The main findings of the joint research initiative "Numerical Simulation in Tunnelling" and a follow-on project on efficient numerical simulation models for tunnelling are presented.

Die wichtigsten Resultate des Forschungsschwerpunkts „Numerische Simulation im Tunnelbau" und einem Folgeprojekt ueber effiziente numerische Simulationsmethoden werden prasentiert

Les resultats les plus importants du point principal de la recherche "simulation numerique dans la construction de tunnels" et un projet consecutif sur des methodes de simulation numeriques efficaces sont presents


Numerical simulation methods can be applied to determine the tunnel construction method/sequence and ground support in order to ensure stability or reduce settlements. They can also be used for assisting the decision making process during the construction, for example in the case of a tunnel being driven with the New Austrian Tunnelling Method (NATM), where support requirements may be adjusted according to prevailing geological conditions. A survey of the state of the art, carried out about 5 years ago, identified a number of shortcomings of numerical simulation methods used for tunnel construction. These shortcomings related to the collection of input data (geological survey), the efficiency / user friendliness of the numerical methods and their limitations. As a consequence an Austrian joint research initiative (JRI) was established, where all major research groups working at three Universities in Austria were networked. The JRI, which has been supported by the Austrian national group of the ISRM, finished at the end of 2002 with an international review. The research findings have been published in book form by Springer (Beer, 2003). In a follow-on project to the JRI we are investigating the feasibility of using Boundary Element methods for modelling the sequential excavation of a tunnel in an visco-plastic rock mass. This method has the advantage over the FEM that the mesh is reduced by one dimension (surface instead of volume elements) and that no truncation error is introduced. First results, which will be shown in the paper, are encouraging and we are confident that in the future three-dimensional non-linear analysis of tunnel advance will be performed in a very short time on a laptop PC.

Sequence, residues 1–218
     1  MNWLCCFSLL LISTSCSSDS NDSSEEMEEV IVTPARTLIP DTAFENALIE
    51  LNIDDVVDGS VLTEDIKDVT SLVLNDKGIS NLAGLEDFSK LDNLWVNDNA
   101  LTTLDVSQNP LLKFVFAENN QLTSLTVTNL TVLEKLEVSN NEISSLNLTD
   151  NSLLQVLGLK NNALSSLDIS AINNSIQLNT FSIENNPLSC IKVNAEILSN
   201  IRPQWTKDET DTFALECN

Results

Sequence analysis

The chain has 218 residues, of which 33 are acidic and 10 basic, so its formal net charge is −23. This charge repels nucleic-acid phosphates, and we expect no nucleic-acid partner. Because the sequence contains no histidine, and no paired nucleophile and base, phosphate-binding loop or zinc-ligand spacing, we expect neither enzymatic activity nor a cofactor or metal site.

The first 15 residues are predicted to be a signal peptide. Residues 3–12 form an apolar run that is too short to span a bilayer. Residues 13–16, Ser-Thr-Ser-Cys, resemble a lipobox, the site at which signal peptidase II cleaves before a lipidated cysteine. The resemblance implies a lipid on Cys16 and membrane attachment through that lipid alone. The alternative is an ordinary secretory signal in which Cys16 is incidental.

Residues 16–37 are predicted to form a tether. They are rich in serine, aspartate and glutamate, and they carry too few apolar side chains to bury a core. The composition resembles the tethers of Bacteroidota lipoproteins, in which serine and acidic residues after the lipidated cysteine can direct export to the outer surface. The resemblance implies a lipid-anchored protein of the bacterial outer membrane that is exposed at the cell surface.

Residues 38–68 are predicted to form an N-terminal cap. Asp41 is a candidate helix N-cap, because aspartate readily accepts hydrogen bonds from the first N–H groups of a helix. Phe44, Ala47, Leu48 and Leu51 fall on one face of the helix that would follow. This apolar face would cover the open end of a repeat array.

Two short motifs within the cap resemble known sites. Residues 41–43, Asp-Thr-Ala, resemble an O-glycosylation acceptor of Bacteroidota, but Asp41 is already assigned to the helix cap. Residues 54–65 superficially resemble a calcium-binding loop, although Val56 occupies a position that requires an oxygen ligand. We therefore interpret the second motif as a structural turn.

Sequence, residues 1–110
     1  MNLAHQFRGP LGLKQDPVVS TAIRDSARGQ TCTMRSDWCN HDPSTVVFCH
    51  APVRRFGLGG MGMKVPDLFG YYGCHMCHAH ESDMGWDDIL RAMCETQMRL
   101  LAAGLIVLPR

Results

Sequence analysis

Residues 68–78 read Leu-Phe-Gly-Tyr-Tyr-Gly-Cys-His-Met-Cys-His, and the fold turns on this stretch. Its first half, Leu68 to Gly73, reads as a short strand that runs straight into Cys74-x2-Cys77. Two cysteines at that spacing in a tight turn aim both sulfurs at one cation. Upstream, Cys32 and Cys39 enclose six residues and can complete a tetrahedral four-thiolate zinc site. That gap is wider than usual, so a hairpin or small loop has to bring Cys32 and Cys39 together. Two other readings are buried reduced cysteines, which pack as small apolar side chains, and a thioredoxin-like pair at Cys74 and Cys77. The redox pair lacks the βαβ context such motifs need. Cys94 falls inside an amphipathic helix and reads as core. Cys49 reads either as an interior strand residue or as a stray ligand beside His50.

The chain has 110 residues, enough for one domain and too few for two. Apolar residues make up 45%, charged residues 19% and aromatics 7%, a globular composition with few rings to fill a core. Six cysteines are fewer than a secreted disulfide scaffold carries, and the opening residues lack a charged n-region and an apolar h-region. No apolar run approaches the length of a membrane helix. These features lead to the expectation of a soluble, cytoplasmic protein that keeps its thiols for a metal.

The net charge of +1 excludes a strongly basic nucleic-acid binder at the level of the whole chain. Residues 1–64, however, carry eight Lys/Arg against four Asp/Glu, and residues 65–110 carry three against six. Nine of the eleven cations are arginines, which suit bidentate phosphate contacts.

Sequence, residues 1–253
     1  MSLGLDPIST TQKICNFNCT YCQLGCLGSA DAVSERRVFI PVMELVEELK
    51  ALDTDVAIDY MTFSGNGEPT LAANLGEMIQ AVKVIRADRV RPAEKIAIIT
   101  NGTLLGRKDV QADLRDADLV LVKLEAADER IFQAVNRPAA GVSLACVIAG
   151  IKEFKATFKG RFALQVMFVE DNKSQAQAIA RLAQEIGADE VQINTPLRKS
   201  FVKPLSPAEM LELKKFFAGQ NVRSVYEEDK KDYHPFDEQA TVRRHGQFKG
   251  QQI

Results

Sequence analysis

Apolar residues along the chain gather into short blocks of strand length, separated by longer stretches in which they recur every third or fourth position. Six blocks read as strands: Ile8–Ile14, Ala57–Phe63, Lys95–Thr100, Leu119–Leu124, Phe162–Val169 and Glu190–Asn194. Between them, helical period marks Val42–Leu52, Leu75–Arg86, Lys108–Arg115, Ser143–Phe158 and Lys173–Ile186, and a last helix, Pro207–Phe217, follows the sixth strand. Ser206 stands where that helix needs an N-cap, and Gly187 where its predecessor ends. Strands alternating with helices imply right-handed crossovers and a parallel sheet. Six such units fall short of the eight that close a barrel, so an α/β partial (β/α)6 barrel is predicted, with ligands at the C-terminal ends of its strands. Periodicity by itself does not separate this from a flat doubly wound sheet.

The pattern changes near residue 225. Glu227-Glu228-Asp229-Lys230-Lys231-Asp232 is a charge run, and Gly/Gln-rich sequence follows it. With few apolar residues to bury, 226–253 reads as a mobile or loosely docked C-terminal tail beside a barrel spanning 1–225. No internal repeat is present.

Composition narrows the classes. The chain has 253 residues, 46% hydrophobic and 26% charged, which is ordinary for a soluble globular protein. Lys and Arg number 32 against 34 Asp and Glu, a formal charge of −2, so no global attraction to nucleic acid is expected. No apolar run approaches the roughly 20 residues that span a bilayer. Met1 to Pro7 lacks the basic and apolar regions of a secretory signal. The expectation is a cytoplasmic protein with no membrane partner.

Input data

The accuracy of numerical simulation predictions relies heavily on the quality of the input data. In tunnelling the input consists of the description of geological features, of the material behaviour, of the tunnel shape, the pre-excavation stress field, the excavation/construction sequence and the characteristics of the ground support.

Geological features

The description of geological features is important since these may influence ground behaviour significantly. Very often we have the situation that the geological information is patchy because only a limited exploration was carried out due to cost reasons. Geological exploration methods range from core drilling to seismic methods. Sometimes exploratory tunnels are constructed. A way of getting geological information is the observation of the tunnel face after each excavation step. Usually this is done by an experienced geologist making sketches after each blast. This method is not only dangerous because the face is still unsupported but also fairly subjective.

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